AND JUSTICE FOR…
The Supremes' Greatest Hits
The biggest activity is a moot court in which some students re-argue Obergefell v. Hodges (same-sex marriage) while other students render verdicts as justices. For ten additional high-profile cases from the term, summaries of the facts, legal arguments, and majority and minority decisions become platforms for five types of activities: legislative (students respond by writing new laws), journalistic (they write articles explaining aspects of the case to the public), debate (applying debate format to issues raised in the cases), presentations (crafting PowerPoint® presentations that research and explain facets of the cases), and moot courts. The ten additional cases involve Arizona voting district reapportionment, confederate flags on license plates, racial gerrymandering in Alabama, police searches in traffic stops, Texas housing discrimination, the death penalty (Glossip v. Gross), health-care subsidies (King v. Burwell), religious freedom in prison (Holt v. Hobbs), free speech on the Internet (Elonis v. U.S.), and employment discrimination based on religion (EEOC v. Abercrombie & Fitch). Materials include teacher and student instructions, reproducible handouts, assessment and evaluation rubrics, and relevant Common Core, McRel, Center for Civic Education, and California standards.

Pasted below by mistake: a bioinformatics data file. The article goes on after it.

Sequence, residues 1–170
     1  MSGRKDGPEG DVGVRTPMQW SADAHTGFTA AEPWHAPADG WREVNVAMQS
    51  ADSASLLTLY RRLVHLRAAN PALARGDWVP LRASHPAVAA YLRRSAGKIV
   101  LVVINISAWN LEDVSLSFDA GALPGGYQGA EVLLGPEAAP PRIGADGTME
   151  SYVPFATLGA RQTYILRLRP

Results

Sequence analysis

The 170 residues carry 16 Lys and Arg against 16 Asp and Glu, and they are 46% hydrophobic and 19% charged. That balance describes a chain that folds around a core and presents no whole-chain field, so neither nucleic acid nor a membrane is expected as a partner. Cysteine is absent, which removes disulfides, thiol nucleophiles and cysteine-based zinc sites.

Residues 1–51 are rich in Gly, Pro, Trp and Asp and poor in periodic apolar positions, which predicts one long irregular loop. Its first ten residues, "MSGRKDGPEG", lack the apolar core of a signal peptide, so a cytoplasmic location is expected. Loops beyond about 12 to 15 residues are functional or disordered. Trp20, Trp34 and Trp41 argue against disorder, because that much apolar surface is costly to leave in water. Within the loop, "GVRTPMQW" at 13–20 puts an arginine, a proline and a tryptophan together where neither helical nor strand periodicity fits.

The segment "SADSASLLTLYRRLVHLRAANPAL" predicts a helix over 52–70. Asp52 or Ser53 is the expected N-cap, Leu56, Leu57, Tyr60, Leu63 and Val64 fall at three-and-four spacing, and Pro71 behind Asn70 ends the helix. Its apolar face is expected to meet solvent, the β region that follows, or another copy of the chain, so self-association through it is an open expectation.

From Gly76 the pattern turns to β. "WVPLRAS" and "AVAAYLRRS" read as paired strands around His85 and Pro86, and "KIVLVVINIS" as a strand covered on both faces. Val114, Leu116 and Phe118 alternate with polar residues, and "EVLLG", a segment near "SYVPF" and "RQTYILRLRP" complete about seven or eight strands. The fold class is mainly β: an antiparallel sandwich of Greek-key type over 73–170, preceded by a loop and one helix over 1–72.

Center for Economic and Civic Education